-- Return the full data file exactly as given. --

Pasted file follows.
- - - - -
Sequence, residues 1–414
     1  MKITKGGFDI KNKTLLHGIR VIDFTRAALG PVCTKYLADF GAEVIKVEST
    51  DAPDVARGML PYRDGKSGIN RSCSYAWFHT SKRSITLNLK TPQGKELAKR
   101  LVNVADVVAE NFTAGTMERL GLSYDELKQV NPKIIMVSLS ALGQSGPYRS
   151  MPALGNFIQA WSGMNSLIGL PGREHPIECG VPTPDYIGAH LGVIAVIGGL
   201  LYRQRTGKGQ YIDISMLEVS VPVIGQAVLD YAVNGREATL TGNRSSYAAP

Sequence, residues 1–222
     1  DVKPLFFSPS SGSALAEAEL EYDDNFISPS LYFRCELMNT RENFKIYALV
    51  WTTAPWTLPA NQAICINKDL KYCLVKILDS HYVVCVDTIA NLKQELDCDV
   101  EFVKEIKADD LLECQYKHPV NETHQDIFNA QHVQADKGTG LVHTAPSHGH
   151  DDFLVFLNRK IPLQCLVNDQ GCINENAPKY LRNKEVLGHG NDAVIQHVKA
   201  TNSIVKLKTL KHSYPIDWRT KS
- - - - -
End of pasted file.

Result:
Sequence, residues 1–414
     1  MKITKGGFDI KNKTLLHGIR VIDFTRAALG PVCTKYLADF GAEVIKVEST
    51  DAPDVARGML PYRDGKSGIN RSCSYAWFHT SKRSITLNLK TPQGKELAKR
   101  LVNVADVVAE NFTAGTMERL GLSYDELKQV NPKIIMVSLS ALGQSGPYRS
   151  MPALGNFIQA WSGMNSLIGL PGREHPIECG VPTPDYIGAH LGVIAVIGGL
   201  LYRQRTGKGQ YIDISMLEVS VPVIGQAVLD YAVNGREATL TGNRSSYAAP

Sequence, residues 1–222
     1  DVKPLFFSPS SGSALAEAEL EYDDNFISPS LYFRCELMNT RENFKIYALV
    51  WTTAPWTLPA NQAICINKDL KYCLVKILDS HYVVCVDTIA NLKQELDCDV
   101  EFVKEIKADD LLECQYKHPV NETHQDIFNA QHVQADKGTG LVHTAPSHGH
   151  DDFLVFLNRK IPLQCLVNDQ GCINENAPKY LRNKEVLGHG NDAVIQHVKA
   201  TNSIVKLKTL KHSYPIDWRT KS